Charmaine Dreaver says she hopes that by continuing to bring her own story forward, it may prevent future deaths of Indigenous people at the hands of police.

Dreaver’s 22-year-old son Jordan Lafond died following a high-speed vehicle chase with Saskatoon police in October 2016.

The stolen truck Lafond was a passenger in eventually crashed.

A recent report by the Saskatchewan Public Complaints Commission says one of the officers involved in his arrest used excessive force.

Dreaver said there was never any doubt in her mind this was the case.

During the coroner’s inquest into Lafond’s death in June 2018, the jury heard Sgt. Thomas Gresty kneed Lafond in the head as may as four times.

Lafond was lying face down at the time.

Dreaver said Indigenous people simply do not trust police and that is why they often flee from them.

“It is a lack of trust,” she said. “Obviously we’ve been grown to be scared of these people. Our people are scared of these people. It’s been bullied into people for years, decades.”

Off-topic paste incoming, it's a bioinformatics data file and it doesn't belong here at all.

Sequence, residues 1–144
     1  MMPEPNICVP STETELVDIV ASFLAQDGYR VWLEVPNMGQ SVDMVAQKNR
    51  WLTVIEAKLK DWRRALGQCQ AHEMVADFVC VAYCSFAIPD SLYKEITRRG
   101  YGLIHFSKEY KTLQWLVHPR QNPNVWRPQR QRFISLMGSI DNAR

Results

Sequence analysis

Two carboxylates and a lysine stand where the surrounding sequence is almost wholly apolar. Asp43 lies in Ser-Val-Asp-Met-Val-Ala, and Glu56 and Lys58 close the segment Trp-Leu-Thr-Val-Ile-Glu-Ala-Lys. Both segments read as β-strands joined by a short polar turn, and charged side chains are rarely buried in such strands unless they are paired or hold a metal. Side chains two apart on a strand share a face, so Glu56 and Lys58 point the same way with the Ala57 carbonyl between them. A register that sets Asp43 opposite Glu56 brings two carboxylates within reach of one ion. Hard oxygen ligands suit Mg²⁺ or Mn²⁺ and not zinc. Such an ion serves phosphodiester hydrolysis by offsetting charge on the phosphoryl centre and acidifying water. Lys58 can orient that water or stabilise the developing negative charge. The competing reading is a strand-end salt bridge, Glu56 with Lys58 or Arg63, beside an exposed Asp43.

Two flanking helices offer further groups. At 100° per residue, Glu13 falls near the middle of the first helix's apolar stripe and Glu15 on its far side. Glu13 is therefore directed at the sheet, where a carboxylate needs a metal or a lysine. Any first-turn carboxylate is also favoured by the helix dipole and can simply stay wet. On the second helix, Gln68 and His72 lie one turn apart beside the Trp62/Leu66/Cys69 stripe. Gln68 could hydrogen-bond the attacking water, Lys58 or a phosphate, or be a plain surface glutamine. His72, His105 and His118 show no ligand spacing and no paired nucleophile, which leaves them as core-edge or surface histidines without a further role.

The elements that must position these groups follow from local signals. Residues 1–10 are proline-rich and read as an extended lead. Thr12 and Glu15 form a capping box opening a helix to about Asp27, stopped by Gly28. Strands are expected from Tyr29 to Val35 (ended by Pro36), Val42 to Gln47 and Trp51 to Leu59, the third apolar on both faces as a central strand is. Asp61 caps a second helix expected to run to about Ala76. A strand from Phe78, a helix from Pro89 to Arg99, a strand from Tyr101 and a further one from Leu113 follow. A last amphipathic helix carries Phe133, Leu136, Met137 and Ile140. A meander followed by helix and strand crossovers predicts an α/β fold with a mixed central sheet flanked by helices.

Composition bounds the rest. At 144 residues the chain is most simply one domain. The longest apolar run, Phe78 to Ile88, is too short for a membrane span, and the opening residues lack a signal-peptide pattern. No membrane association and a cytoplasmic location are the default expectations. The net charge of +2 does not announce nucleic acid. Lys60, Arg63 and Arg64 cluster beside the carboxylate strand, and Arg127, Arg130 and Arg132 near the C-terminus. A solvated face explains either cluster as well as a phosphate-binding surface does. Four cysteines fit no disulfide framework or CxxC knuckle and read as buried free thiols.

Dreaver added she hopes relations between police and Indigenous people change for the better but remains skeptical.

“To be honest, I really don’t know if they will. But I hope they do. This is enough. Way too many lives and too many people being brutalized by the police. It has to change. I don’t know if it will but all we can do is come together and keep standing and fighting for what is right.”

This month, the province expanded the role of the Public Complaints Commission.

The PCC will have the power to appoint an independent observer when someone has suffered injury or death in police custody.

Previously, it was the deputy minister of justice who appointed this position.

Also, in cases where an Indigenous person is involved, a second investigation observer who is either First Nations or Métis must be appointed.

Police services are now required to ask another police organization to investigate serious injury, death or sexual assaults that happen in police custody.

The PCC also has the power to appoint other individuals as independent investigation observers, rather than only retired police officers which was previously the case.

However, the changes do not go as far as what other provinces, such Alberta and Ontario, currently have in place.

In these provinces, civilian bodies investigate police when such incidents occur.

In Saskatchewan, it will still be police investigating other police.

Dreaver has launched a civil lawsuit against the officers who arrested her son.

(PHOTO: Charmaine Dreaver’s son Jordan Lafond died after a vehicle chase with Saskatoon police in October 2016.)